Don’t be duped into believing a residential HVAC air filter is up to the task of trapping or killing COVID-19. It’s not.
Ultraviolet Light Whole-Home Purifiers
More now than ever, clients are asking me about ultraviolet light whole-home air purifiers. These devices are also commonly known as blue light or simply UV filters. To be clear, these are not “filters” in the traditional sense, but rather ultraviolet lights installed in your home’s HVAC ducts. The light they shine—called UVC—is from a portion of the ultraviolet spectrum with wavelengths ranging from 200 to 280 nm.
These devices are typically marketed as being able to “kill up to 99% of existing mold, mildew, and airborne viruses.” I recommend them to most of our clients because they can keep you and your family healthier at home.
Blue light filters are relatively inexpensive, fairly simple to install, and do kill viruses. But, again, COVID-19 has not shown to be airborne. What’s more, even were it to become airborne, we don’t know how long the virus would need to be exposed to UV light before it dies or mutates enough to prevent its spread.
Regarding its application to COVID-19, this is a technology we’ll need to stay tuned for more information on. That said, you can pick one up on Amazon and, based on the unit, have it professionally installed starting at around $400 (including the cost of the unit).
So, what should you do to keep your household safe?
You should listen to and follow the advice given by government officials, and real scientists and medical professionals. Much of the advice that follows you’ll have heard by now. But it’s worth repeating.
- Educate yourself, friends, and loved ones about COVID-19 symptoms.
- Know when to see a doctor, which is as soon as you experience symptoms (they tend to be flu-like).
- Understand risk factors, which include travel to or from areas and residences suffering an ongoing spread of the virus.
- Practice “social distancing” in public spaces. It’s ok and not at all offensive to refuse to shake hands during a pandemic like this one.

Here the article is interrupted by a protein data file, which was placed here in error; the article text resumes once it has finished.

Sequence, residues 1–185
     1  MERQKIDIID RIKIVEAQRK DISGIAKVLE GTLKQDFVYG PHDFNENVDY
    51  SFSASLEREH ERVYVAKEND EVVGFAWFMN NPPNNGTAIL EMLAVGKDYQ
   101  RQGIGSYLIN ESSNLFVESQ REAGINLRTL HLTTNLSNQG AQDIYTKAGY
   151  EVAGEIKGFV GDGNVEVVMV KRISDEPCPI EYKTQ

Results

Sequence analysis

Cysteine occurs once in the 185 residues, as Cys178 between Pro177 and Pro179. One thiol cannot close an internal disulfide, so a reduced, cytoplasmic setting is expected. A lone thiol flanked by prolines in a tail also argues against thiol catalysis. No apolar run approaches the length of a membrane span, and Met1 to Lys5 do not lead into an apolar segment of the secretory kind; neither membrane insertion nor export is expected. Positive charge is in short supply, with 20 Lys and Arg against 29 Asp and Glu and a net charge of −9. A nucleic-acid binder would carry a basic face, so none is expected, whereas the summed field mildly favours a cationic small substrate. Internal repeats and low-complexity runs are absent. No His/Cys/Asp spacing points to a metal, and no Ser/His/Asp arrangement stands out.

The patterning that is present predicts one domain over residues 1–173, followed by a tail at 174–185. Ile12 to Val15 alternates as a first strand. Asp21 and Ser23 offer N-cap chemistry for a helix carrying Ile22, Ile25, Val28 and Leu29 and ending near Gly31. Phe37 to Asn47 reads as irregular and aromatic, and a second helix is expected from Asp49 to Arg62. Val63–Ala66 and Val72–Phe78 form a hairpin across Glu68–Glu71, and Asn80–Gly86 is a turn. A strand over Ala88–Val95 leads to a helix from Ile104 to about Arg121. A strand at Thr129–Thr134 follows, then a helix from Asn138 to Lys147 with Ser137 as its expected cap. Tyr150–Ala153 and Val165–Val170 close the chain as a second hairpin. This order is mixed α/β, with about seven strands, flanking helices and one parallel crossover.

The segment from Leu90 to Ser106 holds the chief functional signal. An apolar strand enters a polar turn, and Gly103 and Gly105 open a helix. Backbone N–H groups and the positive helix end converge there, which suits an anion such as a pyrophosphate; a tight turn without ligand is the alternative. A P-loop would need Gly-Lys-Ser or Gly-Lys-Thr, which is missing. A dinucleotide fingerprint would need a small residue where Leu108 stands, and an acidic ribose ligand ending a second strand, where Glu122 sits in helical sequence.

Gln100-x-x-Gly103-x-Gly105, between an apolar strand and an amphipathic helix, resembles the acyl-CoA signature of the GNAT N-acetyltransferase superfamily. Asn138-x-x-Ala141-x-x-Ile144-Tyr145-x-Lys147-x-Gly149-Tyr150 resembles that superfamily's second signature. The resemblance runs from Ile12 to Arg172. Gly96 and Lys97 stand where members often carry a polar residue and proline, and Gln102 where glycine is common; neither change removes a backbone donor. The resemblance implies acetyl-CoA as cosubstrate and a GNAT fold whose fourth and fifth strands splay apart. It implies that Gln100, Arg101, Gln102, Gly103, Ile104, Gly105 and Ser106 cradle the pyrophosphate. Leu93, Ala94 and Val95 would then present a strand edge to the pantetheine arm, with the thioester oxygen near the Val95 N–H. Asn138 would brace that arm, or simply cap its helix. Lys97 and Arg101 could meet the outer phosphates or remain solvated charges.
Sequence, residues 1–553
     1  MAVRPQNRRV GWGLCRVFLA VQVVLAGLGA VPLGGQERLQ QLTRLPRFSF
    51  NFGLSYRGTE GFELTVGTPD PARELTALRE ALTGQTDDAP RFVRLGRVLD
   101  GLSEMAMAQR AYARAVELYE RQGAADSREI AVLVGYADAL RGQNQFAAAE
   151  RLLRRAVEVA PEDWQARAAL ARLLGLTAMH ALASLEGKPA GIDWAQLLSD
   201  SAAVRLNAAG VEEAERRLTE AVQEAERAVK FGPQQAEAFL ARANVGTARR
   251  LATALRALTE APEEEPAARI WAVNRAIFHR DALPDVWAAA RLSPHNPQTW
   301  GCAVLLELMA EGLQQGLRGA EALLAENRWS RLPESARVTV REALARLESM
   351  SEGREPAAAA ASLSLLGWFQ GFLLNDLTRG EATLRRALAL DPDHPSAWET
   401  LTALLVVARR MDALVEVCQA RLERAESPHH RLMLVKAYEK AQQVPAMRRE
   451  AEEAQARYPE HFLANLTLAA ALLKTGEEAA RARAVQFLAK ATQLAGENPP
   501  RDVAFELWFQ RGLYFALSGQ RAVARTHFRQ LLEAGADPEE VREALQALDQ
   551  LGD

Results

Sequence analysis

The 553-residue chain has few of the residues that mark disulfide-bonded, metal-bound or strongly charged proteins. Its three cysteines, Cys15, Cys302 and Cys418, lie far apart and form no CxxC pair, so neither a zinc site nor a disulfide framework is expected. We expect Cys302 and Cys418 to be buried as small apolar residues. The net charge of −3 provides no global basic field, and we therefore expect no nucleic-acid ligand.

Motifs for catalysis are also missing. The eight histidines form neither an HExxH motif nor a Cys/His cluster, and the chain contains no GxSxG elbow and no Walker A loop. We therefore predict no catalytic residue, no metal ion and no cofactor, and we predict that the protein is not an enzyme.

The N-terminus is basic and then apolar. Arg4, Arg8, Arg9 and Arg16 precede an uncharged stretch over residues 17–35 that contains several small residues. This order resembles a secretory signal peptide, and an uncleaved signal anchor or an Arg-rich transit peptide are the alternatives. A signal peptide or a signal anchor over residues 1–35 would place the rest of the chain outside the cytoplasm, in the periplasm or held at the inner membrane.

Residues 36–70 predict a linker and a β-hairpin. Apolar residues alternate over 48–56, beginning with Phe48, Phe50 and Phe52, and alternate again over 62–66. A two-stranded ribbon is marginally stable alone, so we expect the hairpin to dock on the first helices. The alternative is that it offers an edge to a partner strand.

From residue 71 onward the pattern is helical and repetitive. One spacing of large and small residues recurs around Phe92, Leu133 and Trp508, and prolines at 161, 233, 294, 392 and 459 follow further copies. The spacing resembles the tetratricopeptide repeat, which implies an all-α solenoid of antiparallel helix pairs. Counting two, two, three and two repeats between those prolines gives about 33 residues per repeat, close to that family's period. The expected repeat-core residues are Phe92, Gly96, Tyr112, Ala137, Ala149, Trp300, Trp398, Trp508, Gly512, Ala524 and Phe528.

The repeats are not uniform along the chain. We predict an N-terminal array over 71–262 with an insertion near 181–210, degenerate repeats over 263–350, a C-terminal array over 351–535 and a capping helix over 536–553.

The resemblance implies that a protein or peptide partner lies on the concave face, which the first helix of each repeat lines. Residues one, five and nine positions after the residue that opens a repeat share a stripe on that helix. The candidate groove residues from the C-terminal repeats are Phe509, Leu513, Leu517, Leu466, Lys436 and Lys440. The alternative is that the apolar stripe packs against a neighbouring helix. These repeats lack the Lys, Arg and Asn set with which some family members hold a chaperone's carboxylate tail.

- Stay home from work and school and away from public areas if you’re sick.
- Wash your hands with soap and water often, counting to at least 20 seconds (you’ll probably want to keep hand lotion around as the washing will dry out your skin).
- Use an alcohol-based hand sanitizer when you’re unable to wash your hands.
- Always cover your mouth and nose when you cough or sneeze. And don’t cover your face with your hand. Use a tissue or the inside of your elbow.
- Avoid touching your face if your hands aren’t clean. It’s hard to do but becomes easier if you start pretending your hands are never clean.
- If someone is or seems sick, avoid close contact.
- If you’re sick or maybe sick, don’t share dishes, glasses, bedding, or other household items.
- Clean and disinfect the surfaces you touch often. Suitable cleaners for non-porous surfaces include solutions made from at 70% alcohol, diluted bleach and most common household disinfectants registered by the EPA.To prepare a bleach solution, the CDC recommends:
- 5 tablespoons (1/3 cup) bleach per gallon of water or
- 4 teaspoons bleach per quart of water
Is that all?
Yes. At Donnelly’s, we’re dedicated to your home comfort and healthfulness. But we’re not scientists or medical professionals. We’re here to share what we know about COVID-19 so you, your friends, and loved ones can stay safe.
In a rapidly evolving situation like this, we do what we can: bring you sensibly, truthful advice. As a local, family-owned business, we feel it’s our responsibility to our community. Only by working together can we do our parts in limiting the spread of this virus.
We’re all in this together. And together, we’ll make it through.
Even during a time like this, you can count on the Donnelly’s team of Home Comfort Specialists. We’re available to help you in your times of need. Fill out the form below to schedule a Donnelly’s visit and rest assured we are taking every precaution available to prevent the spread of any illness. You can see our safety policy here.